How I totally lost it. A Weight Loss Story for your 2024 Goals

How I totally lost it. A Weight Loss Story for your 2024 Goals

With a new year finally here, many will be looking for inspiration to lose weight. And I thought that I'd selfishly capitalise on the increase in google search traffic and give you the story of my (ongoing) weight loss journey and how, after two years, I'm still going strong and have been able to keep it off. In addition, I hope to pass on some lessons that I have learned, give some tips, hopefully inspires and just for fun - call out some of the lies that you may have found yourself believing.

I would like to think of myself as a seasoned dieter as for years I had attempted every fad diet and quick fix out there - from the infamous and retched 'cabbage soup diet' to the extreme and irresponsible Cambridge Diet (sorry Cambridge dieters, but it's true), Keto, Paleo, Slimming World, Weight Watchers and Jane Plan - I have tried them all.

assorted seeds and fruits
Photo by Mgg Vitchakorn / Unsplash

The Final (cheese) Straw

2021, Boxing Day in fact, I was sat in a Hotel in Mexico with my now husband and I said to him "We really need to lose weight, and we have to keep it off" I was depressed and ashamed of how I looked. We’d originally travelled to Mexico with a goal to make travel content for YouTube, but I put the camera away after the first day. I had ballooned to over 21 stone and though I would consider myself a happy person most of the time, I had terrible anxiety about my appearance.

At the time, as part of the decision to finally start taking weight loss seriously, I decided that the best strategy was to take it slow and make only small and meaningful changes. The decision to not make huge sweeping alterations to my daily life was intentional because I knew from past experience that by making too many changes - such as going to to the gym three times a week, getting up at 6am, meditation practice, eating well, reading more - I would give up in two minutes after being totally overwhelmed. Trust me when I say this, know yourself and start small and work up from there. Therefore, the choice to join a local gym, well that was a hard no. The idea of going to a gym just once, let alone regularly, was horrendous. I was terrified of looking like a complete twat, they were expensive and with my work schedule it seemed like making the time for fitness would be impossible. It was never going to happen.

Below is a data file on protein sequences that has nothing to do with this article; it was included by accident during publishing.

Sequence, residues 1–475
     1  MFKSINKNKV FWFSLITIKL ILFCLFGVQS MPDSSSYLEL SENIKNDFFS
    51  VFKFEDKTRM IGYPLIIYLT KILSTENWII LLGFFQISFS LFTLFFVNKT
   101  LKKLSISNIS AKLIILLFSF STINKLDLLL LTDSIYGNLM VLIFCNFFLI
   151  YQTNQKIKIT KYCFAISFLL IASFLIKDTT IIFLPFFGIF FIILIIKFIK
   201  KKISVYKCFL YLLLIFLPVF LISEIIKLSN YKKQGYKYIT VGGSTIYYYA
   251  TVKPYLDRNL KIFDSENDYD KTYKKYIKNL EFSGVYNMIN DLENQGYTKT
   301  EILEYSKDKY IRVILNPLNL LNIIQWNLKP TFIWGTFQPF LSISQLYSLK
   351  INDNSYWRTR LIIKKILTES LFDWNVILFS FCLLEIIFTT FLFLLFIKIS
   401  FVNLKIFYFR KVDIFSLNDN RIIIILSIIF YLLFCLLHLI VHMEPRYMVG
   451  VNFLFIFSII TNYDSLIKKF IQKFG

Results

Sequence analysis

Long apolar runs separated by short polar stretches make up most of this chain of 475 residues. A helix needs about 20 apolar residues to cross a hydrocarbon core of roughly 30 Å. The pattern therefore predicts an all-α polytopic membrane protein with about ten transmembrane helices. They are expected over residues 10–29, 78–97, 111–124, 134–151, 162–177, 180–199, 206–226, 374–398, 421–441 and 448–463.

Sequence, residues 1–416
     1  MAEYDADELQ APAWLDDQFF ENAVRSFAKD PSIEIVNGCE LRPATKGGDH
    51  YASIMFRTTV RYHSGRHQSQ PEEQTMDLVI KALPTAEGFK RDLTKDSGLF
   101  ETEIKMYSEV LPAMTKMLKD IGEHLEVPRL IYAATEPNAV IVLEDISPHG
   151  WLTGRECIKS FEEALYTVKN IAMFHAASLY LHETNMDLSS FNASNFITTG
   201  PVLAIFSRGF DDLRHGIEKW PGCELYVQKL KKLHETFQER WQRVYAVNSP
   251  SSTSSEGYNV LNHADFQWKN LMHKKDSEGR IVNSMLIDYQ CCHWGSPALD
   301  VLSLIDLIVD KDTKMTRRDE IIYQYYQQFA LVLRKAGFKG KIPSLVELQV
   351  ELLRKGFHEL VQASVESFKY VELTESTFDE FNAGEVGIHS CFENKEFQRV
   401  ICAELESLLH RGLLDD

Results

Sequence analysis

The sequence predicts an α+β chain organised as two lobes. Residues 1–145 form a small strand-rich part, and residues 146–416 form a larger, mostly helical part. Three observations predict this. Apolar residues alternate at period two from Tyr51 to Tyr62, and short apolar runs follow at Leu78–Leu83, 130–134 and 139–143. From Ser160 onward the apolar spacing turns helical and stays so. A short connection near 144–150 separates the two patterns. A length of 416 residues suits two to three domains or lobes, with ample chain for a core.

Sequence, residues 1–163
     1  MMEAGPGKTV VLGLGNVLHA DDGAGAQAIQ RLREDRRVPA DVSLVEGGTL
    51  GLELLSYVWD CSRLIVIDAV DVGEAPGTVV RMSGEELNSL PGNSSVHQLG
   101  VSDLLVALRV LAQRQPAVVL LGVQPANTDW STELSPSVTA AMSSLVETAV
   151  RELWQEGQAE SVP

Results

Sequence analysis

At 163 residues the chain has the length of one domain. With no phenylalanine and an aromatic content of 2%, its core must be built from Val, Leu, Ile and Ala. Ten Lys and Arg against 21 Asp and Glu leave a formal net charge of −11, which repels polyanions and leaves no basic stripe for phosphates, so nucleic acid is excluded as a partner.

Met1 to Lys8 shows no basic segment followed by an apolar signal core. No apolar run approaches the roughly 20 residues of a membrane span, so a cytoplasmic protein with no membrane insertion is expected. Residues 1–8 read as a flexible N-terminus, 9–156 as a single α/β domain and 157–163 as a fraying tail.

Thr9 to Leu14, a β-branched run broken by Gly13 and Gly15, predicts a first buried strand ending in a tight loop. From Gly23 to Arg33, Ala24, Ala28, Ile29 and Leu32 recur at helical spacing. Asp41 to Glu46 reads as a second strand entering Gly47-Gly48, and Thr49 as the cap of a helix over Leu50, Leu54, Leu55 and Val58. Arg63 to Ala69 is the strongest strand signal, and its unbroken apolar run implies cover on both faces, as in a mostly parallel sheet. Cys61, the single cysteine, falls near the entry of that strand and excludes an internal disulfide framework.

In hindsight, I was just afraid to make that change. I’d attempted the gym and diets in the past and I’d failed each and every time. When I look back, fear got the better of me. But, and I think this is an important side note; I still believe that by delaying going to the gym and adding fitness to my life was the right choice, for me. At the time of writing this, I have now been going to the gym for 18 months, so for the first 6 months I didn’t do any strength training whatsoever. I do want to make a point about training in the gym, and particularly personal training: The investment that I did eventually make in my body and working out is quite literally the best investment that I’ve made in myself. I’m just talking about physical change, but focus, mental health and even mental clarity has improved exponentially and I could go on for thousands of words on why. (But I won’t in this blog).

Also, I want to preface (bit late for a preface, but whatever) this rather lengthy piece with a disclaimer, I am stating that all the advice given, and the testimonies are based on my experiences. Everyone is different, with different biologies and heath needs. Plus, I’m not a doctor, nutritionist or bullshit Instagram fitness influencer. So, I’m only qualified to - actually I’ve got a GCSE in Drama, so there’s that.